The “bases,” a need to confirm dates hours before they begin minute, a lack of spontaneity, navigating exclusiveness… Between culture shock and general incomprehension, the unwritten rules of American love and dating can confuse French-speaking singles who have just arrived in the United States. Because really, the French don’t date.
Out of love for an American, French woman Servane arrived in San Francisco 11 years ago. But after eight years in the relationship, the couple split up and the Servane found herself back on the dating market again. She feels that her encounters are much less spontaneous in the U.S. than in France: “Americans are more puritanical and there is very little flirting in cafés, on transportation or in restaurants.”
Looking at her dates, she’s made some nice encounters as well as others that she would rather forget. “The guy who talks to you about software for 2 hours 30 minutes straight without realizing that you’re watching TV in the bar, the one whose phone is ringing every five minutes because his life is governed by alarms, the one who gives you too much information or the one who, after the email exchanges cease, is probably married.”
For Marine, a young 21-year-old French woman in Sterling, Virginia, what troubled her the most was the question of exclusivity. “When I was an au pair, I tried Tinder and went on dates with some guys,” until she met her future husband Daniel, with whom she had to have the conversation. “He was seeing another girl, but after a month he made a formal request for exclusivity,” she recalls.
Tired of American-style dating like Servane, Valérie-Anne Demulier, a 32-year-old Belgian, created a dating concept for French people in New York, R&S for Robert and Simone, in May 2019. “I had the idea when I was still single, and I observed that a lot of French people around me didn’t like to date on apps, and that some of my girlfriends had sordid dating stories around the issue of exclusivity.”
The creator of the app arrived in New York in 2015 while in a relationship with a European. “We broke up soon after. I did some dating on apps; it worked, I met a lot of people, but the ‘non-exclusive’ aspect of relationships was weird for me, because at home [in France] we’re a couple or we’re not.”
A month after the launch of R&S, Valérie-Anne Demulier met Sean, a 37-year-old American from San Francisco. “I was surprised because I thought it would be easier with French-speaking people,” she explains. “After a week, we had a ‘talk,’ I told him I didn’t want to go out with other people.” His answer was positive, then two days later he asked Valérie-Anne: “If we’re exclusive, does that mean we’re officially boyfriend and girlfriend?” “I thought it was really cute,” she recalls.
The “talk” and “exclusivity” system isn’t the only thing that annoys Marine when she starts to date someone. She feels like this system is some kind of “trial period.” For Alexandra, a French expat in San Francisco who is divorced from an American, the men she met were “pragmatic” and came to parties “like they were looking for a job.” “They ask you questions and the answers have to tick the right boxes: marriage, a one-night stand, a ‘connection.’ In fact, they define the product and then it’s nothing more and nothing less than project management,” she analyses.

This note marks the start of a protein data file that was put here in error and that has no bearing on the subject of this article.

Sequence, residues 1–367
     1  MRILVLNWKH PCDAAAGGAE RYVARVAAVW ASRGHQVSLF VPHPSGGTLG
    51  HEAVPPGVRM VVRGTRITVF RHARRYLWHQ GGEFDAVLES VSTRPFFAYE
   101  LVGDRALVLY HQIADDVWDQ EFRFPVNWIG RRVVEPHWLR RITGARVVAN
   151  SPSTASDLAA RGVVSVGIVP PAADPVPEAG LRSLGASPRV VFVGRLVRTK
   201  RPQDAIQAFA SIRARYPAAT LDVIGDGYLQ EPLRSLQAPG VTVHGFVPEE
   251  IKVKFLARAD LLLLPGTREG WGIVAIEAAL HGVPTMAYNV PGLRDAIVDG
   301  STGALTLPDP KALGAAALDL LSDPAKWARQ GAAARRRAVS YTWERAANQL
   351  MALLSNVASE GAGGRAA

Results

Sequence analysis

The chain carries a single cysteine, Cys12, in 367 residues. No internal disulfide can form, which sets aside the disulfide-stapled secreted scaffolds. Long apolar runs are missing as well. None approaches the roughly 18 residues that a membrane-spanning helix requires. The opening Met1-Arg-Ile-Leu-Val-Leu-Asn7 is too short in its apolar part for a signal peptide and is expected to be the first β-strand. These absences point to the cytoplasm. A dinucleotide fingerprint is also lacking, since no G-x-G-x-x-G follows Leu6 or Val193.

It’s a perspective shared by Catherine, 35, a French teacher at community colleges in Los Angeles. “During a date, you have to act like you would in a professional interview, present your CV and your qualities.” She cites the example of a man she went on a date with that she likes to call “the polyglot” who, after jabbering a few words in French, announced, “I’m not going to lie to you, I speak five languages.” During this kind of “recruitment of the perfect woman,” she is always asked about her passions, and a more disconcerting question sometimes comes up: “why are you single?” Aghast, she prefers to use the French deuxième dégre — offbeat humor — to answer it, at the risk of confusing the American male. This interrogation, she believes, is intended to check if she can fulfil the role of “ideal woman for the family photo.”
Alexandra also denounces the protocol behind American-style dating, all “those unspoken codes that regulate every date.” “You always have to reconfirm the appointment a few hours beforehand, otherwise they don’t come,” says Catherine, who learned this rule after one of her app dates stood her up.
But Catherine was also surprised by the honesty of some of her dates: “A man told me he was looking for a sophisticated woman, and that as a French woman I could be that. It was like he was trying to affirm his social status.” On the other hand, she has already had the opposite in front of her: a suitor confessed to her, during a conversation, that he was a big consumer of porn and had an addiction to cocaine. “A good pressure-free evening,” Catherine laughs.
While many end up finding a soul mate, and if not then at least a satisfying relationship, for others the culture shock is insurmountable. Alexandra decided “not to date any more Americans …. There is an irreconcilable incompatibility, a fundamentally different philosophy of life.” What she is looking for is “more natural, this Latin-style relationship of going on adventures, of flirting, of letting oneself live.” And to her great pleasure, she has just met a great German man.
By Charlotte Autry (San Francisco), Sandra Cazenave (Los Angeles), Nastasia Peteuil (Washington DC), and Maxime Aubin (New York)
Featured image: Stock Photos from oneinchpunch / Shutterstock